Traditionally, the construction sector has been slower to adopt the digital technologies that have been radically changing other British industries. However, within the past year we have seen both the deadline for BIM Level 2 and the damning Farmer’s Report declaring the British construction industry must ‘modernise or die’ or it would face an ‘inexorable decline’ in the years to come. Since then I’ve noticed a rapid turnaround in how construction firms approach digital transformation, with many not only reaching BIM Level 2 but future-proofing themselves for the foreseeable future.
From drones, to AR, and even wearable technology, we’re in a period of extremely rapid technological change. However, I think we could still see improvement and customer benefit through the implementation of smart video technologies in the sector. It is now possible to connect your video and security systems together in the cloud– and soon we will be able to take it even further and use machine learning capabilities to detect hazards and react in real-time with analytical processes monitoring the feed and alerting staff as needed.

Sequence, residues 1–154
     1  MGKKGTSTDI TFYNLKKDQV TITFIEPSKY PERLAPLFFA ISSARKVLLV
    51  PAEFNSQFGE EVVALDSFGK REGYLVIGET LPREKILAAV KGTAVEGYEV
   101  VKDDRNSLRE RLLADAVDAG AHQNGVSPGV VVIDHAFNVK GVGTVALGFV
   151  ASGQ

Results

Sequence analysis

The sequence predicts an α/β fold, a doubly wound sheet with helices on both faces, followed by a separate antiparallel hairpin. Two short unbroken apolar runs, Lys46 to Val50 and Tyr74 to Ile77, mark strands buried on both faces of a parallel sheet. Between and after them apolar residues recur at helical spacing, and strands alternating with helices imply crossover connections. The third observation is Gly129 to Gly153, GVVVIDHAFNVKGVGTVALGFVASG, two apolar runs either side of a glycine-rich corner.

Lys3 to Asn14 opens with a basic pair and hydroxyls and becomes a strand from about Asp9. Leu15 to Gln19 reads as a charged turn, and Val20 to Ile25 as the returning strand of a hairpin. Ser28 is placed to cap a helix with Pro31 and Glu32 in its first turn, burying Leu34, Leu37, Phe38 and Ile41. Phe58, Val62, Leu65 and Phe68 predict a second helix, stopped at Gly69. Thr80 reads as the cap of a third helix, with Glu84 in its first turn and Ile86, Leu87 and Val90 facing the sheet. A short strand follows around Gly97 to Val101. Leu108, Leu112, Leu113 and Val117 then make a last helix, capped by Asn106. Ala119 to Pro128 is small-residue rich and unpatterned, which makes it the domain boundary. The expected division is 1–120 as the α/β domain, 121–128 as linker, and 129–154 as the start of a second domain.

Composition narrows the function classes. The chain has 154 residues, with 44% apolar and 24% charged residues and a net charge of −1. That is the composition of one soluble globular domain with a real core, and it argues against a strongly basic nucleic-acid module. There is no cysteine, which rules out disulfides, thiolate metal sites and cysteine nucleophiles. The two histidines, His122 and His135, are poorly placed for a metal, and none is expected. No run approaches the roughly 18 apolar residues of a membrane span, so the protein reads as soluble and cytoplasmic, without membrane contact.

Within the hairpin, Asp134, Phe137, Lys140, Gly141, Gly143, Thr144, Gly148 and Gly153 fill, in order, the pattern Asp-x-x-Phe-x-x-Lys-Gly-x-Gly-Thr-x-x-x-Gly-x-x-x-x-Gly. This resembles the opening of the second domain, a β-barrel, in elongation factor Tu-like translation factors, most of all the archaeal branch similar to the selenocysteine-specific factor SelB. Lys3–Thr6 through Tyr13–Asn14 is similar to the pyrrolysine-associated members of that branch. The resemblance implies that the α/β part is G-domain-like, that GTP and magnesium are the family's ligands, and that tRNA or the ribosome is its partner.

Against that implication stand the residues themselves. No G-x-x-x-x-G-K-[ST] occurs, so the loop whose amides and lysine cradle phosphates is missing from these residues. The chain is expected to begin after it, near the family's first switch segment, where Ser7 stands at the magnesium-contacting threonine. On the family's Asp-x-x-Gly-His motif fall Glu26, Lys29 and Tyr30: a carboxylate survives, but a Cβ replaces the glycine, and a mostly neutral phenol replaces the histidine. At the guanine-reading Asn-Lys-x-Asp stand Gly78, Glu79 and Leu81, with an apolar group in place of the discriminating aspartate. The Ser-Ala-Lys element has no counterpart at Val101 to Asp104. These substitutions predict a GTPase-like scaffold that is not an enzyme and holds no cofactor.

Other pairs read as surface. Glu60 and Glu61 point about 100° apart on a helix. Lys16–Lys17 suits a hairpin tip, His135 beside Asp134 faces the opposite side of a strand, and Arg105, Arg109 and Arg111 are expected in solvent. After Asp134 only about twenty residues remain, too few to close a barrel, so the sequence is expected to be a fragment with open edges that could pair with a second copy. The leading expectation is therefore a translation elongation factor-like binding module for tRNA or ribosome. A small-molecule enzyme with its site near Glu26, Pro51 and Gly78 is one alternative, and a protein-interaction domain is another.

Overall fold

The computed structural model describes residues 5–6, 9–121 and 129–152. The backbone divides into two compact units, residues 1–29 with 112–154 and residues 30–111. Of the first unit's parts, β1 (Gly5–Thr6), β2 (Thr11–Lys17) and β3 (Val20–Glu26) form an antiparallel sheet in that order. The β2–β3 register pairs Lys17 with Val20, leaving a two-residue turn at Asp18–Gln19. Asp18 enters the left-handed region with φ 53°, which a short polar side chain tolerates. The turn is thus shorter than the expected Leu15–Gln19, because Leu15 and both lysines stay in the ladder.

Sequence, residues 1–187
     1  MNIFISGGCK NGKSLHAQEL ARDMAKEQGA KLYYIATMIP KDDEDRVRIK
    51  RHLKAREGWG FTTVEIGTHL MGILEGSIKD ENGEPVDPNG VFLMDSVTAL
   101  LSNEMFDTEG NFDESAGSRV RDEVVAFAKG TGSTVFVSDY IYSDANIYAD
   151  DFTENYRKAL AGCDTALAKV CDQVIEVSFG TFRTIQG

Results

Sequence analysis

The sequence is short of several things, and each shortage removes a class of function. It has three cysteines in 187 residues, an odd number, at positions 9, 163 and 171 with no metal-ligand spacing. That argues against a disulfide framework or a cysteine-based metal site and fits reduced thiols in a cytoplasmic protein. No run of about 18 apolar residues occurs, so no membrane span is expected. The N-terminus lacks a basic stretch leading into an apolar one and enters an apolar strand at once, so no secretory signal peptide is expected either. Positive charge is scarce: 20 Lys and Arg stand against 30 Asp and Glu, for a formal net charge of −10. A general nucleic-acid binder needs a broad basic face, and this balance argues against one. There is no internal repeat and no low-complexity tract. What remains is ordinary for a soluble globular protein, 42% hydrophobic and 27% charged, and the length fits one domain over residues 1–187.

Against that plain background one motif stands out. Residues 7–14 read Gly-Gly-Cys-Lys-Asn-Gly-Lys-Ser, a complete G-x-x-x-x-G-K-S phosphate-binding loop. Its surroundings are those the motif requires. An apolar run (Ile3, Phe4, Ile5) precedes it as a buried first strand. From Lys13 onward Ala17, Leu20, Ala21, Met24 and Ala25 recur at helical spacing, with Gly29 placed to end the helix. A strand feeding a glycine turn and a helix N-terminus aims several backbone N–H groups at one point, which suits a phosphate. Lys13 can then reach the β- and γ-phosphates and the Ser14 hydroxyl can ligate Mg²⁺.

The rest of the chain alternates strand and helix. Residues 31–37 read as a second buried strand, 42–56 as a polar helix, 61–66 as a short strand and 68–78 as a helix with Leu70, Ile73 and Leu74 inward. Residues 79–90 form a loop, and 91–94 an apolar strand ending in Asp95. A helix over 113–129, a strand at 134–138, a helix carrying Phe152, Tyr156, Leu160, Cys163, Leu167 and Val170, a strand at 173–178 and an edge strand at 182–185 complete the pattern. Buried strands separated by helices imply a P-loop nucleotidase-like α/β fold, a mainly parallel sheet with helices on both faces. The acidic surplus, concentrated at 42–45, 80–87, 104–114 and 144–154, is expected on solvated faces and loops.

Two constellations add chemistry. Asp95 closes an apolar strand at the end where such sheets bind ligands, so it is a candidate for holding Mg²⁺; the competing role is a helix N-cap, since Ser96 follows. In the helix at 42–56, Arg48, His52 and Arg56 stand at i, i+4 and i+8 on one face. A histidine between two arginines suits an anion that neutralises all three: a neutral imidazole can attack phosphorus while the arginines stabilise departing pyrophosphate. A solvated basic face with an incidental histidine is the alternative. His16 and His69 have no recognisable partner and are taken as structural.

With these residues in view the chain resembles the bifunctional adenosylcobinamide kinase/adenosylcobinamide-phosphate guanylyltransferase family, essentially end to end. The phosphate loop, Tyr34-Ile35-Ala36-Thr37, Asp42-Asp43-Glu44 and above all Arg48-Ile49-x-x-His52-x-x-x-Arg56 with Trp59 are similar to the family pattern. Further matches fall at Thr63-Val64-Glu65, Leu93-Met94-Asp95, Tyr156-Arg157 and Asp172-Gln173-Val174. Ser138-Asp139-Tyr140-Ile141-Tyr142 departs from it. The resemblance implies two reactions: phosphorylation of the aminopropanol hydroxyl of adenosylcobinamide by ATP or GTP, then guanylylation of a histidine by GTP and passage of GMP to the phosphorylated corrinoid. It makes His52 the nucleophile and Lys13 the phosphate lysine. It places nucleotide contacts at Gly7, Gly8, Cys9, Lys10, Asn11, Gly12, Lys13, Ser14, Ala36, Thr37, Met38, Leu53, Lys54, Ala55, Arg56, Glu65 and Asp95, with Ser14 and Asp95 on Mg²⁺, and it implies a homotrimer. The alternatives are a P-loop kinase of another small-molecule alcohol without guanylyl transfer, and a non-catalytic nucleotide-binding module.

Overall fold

It won’t be long before we start seeing the construction industry adopt the cutting-edge technology already proving itself in areas such as retail and hospitality. For example, interconnected technology such as 360-degree video could track movements of workers, heavy machinery and equipment across the construction site, and automatically differentiate between them to know what assets are where – and if they are where they should be. Not only does this mean you will be able to plot the optimal route for travel around a constantly shifting work-site but monitor hazardous or fragile cargo to dramatically reduce the risk of collision or accidents. It also means that workers can remain safely separated from the routes of vehicles. The resulting metrics can then help managers decide optimum staffing routes, levels, and how assets like vehicles and equipment can be used safely and efficiently.
Further to this, if an obstruction in the worker or vehicle path occurs during the course of the day – for example an item falls or is left in the path of machinery – this can be detected in real-time. Even more importantly, once detected, an alert can be pushed automatically out to staff member’s mobile devices allowing them to deal with incident immediately: Before an accident happens.